I read a lot of news, blogs, analysis, reports, bills, and just about everything else I can get my hands on pretty much all day every day.
I like to link to a lot of the economic and political analysis out there that supports much of the view of the present and future realities that I’m presenting to you guys every day. The problem is there are really two primary kinds of views that dominate even the non-mainstream media blogosphere —
- The blind bulls and other pundits who truly are either clueless trend followers or, worse, paid (or wannabe paid) shills with no real interest in truth and accurate analysis.
- The permabears and alarmists who are often right in their political analysis and on the long-term ramifications of today’s crony capitalist culture but always seem to think the economic doomsday is always on tap. I used to mock the permabears during the mid 2000s when they missed and/or squeezed themselves out the markets’ big moves up. And I couldn’t believe it when I finally turned bearish in 2007, started selling down all my longs and closed my hedge fund to go to TV and so many of the permabears were so worn down and burned out that they were finally either out of the markets entirely or outright bulls at the top.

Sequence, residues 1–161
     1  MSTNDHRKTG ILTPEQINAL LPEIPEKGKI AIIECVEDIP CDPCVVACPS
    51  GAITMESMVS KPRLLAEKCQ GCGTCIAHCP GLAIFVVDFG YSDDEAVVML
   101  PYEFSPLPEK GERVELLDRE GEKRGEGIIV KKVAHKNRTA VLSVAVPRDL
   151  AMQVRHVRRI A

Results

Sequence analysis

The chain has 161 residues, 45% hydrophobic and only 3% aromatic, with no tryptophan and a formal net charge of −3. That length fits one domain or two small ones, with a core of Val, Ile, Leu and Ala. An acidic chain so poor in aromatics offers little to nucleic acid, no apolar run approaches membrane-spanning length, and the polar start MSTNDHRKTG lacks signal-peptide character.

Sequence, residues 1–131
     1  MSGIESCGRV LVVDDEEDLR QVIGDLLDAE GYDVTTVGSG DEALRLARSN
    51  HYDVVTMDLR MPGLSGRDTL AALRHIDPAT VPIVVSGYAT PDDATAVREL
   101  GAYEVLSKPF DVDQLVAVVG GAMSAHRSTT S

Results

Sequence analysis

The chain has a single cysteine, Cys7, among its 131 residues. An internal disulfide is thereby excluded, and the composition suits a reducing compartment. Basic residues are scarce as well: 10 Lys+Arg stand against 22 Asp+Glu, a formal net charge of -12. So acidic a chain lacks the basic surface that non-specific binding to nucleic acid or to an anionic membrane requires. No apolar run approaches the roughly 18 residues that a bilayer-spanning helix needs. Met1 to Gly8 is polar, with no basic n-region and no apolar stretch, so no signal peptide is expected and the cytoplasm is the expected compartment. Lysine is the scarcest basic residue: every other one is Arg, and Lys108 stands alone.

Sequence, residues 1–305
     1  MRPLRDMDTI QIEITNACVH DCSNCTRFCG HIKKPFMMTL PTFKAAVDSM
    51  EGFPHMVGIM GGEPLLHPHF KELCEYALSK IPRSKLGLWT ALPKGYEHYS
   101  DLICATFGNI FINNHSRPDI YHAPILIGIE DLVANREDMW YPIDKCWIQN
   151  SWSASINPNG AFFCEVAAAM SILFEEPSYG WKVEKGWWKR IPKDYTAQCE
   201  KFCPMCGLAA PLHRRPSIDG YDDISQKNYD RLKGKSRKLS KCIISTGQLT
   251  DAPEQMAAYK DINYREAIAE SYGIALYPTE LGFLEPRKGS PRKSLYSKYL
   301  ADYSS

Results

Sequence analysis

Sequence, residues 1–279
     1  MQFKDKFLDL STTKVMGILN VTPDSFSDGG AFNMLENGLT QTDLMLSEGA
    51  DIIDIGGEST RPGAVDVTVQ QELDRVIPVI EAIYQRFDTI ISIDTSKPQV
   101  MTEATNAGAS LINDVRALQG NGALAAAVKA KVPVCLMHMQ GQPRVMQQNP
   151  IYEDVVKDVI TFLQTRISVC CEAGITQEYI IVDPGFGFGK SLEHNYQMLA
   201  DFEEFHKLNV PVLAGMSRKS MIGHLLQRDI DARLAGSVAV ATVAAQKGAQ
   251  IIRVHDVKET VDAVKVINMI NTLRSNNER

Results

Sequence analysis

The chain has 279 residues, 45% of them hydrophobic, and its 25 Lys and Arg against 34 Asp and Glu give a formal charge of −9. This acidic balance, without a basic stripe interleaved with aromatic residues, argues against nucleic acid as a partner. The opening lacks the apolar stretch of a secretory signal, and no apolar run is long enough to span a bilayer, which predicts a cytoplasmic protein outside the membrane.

It’s again felt like those mid 2000s for the last few years since I’ve returned to trading and been long and bullish, despite my concerns about the mid- to long-term outlook for our economy. I can’t stand the reasoning (or lack thereof) of most bullishness out there. And I can’t stand the constant doomsday calling of most of the bearishness out there.
I certainly don’t think that I’ll always be right about the economy and/or the markets and I don’t mean to across all high-falutin’ here.
But the point here is the importance of being flexible in not only your trading, which you hear me talk about often, but also in your analysis, your outlook, and the timing therein. You guys certainly know my political stance on being anti-bailout and anti-institutionalized-accounting-fraud etc, and I’m sure most of you have some passionate political viewpoints yourselves. But you’ve got to be coldly objective about not letting your politics affect your trading and investing.
No trades for me today though I am bidding on some March RIMM puts with strikes around the $13 range or so. I’m also looking to sell a few more of our SNDK calls that we bought a couple weeks ago at the lows and are still making me longer as the stock rallies higher.